better writers.  It allows us to see the world through different lenses.  But can reading great literature, fiction, in particular, actually help us be "more human?"  According to a recent article by Tom Blunt of Penguin Random House Publishing, those who regularly ingest good fiction tend to be able to empathize more with others; in other words, you may be be able to acknowledge and understand that other people have other points of view outside your own.  The reason?  Because when you read a great work of fiction, you see the world through another person's eyes, namely, the protagonist or main character.  You get a glimpse into their world and experiences, and are thus able to sympathize with their feelings, thoughts and beliefs!  Therefore, reading good fiction does more than build your imagination, it makes you better equipped to understand your fellow human beings in the real world, and accept varying points of view with more compassion.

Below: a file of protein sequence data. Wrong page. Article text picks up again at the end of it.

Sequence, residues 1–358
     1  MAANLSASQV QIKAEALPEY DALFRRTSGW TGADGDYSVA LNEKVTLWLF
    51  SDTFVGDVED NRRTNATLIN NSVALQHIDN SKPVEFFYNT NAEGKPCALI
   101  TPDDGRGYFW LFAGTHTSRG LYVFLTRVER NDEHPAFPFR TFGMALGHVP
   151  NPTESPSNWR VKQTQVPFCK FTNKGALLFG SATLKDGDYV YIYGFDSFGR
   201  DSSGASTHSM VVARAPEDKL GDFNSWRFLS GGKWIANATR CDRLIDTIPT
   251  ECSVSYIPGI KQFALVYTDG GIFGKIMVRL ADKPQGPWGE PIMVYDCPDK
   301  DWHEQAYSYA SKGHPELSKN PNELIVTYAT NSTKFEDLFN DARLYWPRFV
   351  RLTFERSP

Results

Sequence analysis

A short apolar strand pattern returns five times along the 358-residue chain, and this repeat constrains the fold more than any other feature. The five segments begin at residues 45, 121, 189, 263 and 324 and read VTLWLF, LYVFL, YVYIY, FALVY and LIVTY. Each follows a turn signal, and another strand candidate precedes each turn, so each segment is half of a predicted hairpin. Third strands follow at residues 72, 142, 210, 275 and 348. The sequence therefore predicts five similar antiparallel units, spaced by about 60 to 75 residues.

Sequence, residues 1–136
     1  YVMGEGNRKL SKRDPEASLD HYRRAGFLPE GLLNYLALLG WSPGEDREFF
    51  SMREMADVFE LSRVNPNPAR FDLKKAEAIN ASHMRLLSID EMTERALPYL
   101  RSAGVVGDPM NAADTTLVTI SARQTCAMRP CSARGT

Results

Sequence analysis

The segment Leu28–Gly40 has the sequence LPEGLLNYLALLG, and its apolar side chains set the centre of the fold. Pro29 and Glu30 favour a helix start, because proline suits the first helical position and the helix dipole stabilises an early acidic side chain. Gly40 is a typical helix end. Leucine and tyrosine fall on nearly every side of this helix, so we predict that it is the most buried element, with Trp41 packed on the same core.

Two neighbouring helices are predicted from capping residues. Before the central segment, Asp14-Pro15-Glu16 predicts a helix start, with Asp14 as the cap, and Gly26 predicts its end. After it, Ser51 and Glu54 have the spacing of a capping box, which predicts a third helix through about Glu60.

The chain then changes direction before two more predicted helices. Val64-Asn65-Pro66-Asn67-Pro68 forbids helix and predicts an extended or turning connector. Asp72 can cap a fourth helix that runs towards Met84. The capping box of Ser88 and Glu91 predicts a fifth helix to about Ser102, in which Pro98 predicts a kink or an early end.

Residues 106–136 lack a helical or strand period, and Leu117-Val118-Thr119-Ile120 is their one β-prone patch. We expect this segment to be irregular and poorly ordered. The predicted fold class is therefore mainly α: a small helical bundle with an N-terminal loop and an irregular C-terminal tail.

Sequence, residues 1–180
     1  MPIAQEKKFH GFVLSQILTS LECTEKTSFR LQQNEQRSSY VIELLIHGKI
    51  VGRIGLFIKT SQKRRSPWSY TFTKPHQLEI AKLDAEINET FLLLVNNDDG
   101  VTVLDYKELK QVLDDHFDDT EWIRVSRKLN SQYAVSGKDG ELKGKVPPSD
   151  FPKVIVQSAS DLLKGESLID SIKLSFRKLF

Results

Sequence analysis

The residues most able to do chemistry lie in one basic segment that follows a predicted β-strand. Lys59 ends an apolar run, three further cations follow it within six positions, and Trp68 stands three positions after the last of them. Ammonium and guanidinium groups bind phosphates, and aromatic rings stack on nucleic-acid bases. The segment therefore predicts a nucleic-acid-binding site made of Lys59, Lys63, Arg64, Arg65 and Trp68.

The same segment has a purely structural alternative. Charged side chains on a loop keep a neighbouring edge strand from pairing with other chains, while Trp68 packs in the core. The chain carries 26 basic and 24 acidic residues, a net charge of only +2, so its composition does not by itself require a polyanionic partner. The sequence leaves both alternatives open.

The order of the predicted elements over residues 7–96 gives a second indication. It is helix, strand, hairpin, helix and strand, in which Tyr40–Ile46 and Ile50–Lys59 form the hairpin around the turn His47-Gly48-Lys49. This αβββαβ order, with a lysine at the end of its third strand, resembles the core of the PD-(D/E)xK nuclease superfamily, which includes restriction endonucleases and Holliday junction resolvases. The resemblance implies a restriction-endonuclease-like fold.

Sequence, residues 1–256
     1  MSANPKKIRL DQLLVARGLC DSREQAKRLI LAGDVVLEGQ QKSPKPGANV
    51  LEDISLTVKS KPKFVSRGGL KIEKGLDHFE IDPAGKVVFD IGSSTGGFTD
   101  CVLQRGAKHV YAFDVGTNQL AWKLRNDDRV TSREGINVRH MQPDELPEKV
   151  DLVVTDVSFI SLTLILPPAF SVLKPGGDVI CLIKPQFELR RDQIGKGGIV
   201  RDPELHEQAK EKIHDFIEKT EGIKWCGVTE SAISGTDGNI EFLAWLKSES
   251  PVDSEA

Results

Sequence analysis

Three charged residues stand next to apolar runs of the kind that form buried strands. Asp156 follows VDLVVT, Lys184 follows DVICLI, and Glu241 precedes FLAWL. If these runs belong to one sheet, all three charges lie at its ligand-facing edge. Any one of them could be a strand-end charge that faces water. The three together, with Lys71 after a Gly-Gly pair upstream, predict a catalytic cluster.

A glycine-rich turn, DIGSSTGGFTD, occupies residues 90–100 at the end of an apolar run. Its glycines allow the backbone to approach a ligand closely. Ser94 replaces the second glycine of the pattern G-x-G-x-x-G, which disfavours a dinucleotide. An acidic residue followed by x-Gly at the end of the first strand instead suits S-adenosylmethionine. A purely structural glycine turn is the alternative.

Now, I personally didn't need another reason to read good fiction, but articles like this are kind of like those news bulletins that reveal that chocolate is actually GOOD for your health.  It just makes the whole pursuit of something you love a little sweeter!

Enjoy this article by Tom Blunt.  Read it carefully, then post your overall impression of the article. What did you like reading most?  What surprised you?  I would love to hear your thoughts.

And, if you have any great recommendations in fiction, well, go ahead and post those, too!


Friday, October 7, 2016

THE SEARCH FOR TRUTH in an uncertain world...